This year so far to date, (fingers crossed) 4 juveniles have come down on fledging from the sites that I monitor and luckily all were spotted and rescued.
The first one, at Battersea Power Station, I think did not fledge but may have been blown off the nest site by those very strong winds and bad weather we had in early June. It was found by site staff and was then caught and returned to an elevated area especially designed for them up on the Power Station itself.
It was a lucky bird as it was not seen until the following morning after checking the cameras, it meant that it likely spent the night at ground level or it managed to get itself to an elevated position off the ground. Foxes obviously are present on site so it was a fortunate bird.
2 of the remaining 3 were located by the public, retrieved by the RSPCA and then taken to the South Essex Wildlife Hospital, I cannot praise them enough for the work that they do.
Both of these juveniles came from sites which are not disclosed publicly, although I daresay that local people are well aware of them.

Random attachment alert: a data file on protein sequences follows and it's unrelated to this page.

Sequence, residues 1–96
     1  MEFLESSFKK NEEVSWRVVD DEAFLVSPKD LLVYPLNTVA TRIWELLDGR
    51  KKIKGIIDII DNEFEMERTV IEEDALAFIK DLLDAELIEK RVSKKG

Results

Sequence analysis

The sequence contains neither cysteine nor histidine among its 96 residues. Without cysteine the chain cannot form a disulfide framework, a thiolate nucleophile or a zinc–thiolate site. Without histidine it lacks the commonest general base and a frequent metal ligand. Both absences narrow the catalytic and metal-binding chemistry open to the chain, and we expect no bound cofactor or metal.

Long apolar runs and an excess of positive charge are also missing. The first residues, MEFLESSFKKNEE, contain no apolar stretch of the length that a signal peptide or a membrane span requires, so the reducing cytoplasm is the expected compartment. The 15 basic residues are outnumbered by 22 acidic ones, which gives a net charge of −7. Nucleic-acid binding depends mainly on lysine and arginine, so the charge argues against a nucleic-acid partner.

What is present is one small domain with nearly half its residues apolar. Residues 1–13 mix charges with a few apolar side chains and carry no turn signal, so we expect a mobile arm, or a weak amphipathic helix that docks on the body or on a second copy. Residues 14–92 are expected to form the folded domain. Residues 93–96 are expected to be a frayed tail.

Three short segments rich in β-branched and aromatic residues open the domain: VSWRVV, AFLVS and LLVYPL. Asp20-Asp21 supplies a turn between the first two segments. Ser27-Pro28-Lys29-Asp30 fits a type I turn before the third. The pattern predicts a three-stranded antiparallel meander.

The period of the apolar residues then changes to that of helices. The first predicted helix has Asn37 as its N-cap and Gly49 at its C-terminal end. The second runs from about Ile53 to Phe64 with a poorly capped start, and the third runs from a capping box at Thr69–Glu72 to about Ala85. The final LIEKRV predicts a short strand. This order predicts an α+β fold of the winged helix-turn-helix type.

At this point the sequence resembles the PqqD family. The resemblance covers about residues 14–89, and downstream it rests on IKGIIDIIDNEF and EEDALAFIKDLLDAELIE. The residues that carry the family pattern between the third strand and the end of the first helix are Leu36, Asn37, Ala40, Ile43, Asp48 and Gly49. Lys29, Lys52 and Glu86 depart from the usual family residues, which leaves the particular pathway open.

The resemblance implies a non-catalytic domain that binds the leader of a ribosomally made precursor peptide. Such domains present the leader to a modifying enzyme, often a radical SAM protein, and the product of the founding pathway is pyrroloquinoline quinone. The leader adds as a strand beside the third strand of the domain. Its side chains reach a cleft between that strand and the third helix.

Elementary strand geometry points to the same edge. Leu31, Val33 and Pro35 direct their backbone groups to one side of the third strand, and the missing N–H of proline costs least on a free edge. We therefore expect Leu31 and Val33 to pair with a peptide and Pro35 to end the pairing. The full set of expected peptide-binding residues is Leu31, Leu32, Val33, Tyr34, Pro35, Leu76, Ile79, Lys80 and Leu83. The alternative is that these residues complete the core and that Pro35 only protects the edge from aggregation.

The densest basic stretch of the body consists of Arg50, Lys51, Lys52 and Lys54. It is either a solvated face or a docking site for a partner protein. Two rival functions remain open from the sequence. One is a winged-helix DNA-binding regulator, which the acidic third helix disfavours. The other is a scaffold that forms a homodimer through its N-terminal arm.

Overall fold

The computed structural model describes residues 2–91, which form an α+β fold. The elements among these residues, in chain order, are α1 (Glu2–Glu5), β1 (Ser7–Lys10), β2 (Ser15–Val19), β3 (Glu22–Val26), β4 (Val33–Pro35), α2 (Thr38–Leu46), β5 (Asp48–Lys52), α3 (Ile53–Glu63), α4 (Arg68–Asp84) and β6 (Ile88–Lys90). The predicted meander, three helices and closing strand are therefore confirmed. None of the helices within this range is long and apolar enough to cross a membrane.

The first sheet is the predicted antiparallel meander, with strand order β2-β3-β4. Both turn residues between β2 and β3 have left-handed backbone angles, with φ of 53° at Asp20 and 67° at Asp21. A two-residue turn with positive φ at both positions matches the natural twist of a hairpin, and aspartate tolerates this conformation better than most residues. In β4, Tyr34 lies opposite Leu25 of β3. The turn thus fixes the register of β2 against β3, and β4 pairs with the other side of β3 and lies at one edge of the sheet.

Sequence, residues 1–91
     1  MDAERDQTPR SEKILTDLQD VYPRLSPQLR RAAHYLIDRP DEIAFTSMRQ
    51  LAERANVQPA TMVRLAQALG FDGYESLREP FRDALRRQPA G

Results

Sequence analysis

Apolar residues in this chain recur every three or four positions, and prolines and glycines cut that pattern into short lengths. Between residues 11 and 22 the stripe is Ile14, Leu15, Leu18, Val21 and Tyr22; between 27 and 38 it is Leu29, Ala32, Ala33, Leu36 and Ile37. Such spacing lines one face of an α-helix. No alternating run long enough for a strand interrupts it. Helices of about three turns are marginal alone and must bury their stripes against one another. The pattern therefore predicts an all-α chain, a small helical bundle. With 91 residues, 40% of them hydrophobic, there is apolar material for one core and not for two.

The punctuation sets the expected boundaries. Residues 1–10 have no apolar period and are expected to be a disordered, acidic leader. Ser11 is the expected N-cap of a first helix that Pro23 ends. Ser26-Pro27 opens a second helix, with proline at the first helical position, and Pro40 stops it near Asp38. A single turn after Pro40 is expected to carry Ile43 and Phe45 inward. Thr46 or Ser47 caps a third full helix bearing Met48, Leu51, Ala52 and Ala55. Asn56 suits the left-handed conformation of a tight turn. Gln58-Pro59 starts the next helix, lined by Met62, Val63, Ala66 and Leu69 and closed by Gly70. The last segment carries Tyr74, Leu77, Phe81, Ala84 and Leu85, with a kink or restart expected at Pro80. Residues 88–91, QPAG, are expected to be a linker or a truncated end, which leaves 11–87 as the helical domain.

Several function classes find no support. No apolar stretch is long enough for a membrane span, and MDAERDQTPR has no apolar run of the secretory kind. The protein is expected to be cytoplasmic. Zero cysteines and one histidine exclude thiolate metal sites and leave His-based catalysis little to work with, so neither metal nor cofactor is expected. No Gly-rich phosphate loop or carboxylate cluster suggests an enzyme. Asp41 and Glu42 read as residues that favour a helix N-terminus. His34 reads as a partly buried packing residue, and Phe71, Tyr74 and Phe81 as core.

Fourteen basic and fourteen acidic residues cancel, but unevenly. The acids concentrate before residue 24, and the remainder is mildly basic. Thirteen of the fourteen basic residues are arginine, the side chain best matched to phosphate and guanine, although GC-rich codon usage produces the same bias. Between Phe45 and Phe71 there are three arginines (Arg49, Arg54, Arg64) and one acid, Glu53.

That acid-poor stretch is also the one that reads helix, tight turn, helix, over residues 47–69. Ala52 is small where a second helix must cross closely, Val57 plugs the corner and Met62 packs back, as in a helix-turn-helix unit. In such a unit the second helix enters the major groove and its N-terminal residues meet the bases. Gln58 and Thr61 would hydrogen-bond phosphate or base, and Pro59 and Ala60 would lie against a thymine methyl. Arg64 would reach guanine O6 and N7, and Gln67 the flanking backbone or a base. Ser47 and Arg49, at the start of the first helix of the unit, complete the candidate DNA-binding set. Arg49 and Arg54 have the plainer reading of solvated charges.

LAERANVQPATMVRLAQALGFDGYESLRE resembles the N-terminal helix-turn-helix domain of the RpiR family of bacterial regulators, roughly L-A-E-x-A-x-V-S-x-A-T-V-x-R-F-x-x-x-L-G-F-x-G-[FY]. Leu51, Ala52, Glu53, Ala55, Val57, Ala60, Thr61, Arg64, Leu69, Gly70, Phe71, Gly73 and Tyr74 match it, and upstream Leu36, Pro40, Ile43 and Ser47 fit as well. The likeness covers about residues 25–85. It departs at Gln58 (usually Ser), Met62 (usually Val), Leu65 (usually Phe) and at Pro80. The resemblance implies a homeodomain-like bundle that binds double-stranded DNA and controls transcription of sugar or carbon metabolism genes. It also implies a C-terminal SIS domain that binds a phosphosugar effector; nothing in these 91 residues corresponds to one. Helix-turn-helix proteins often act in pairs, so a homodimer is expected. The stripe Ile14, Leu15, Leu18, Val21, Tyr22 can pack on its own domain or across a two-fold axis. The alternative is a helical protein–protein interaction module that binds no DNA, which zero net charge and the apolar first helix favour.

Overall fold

The last was a juvenile at Parliament, breeding there for the first time ever; the pair have fledged 3 juveniles of which one had grounded.
When I arrived I found the bird on a post where it had come to the attention of the local Crows and Magpies, I also suspected it may have been down for a couple of days unnoticed as it looked weak and underfed.
Catching it proved relatively easy compared to some, having a closer look confirmed first thoughts; it was weak, little fight or attitude in it at all.
I decided then to take it to the Wildlife Hospital where it was checked over, it was then fed and given a few days to recover.
All 3 of the juveniles, as you will see from the photo, were put in together in an aviary to recover as they all came in around the same time.
As all 3 obviously looked similar, each juvenile was given a coloured cable tie to make sure it went back to their respective site, this was then removed prior to release.
The release back went well and consequent visits to each site including Battersea have shown that the broods are complete, all are back with their parents and siblings.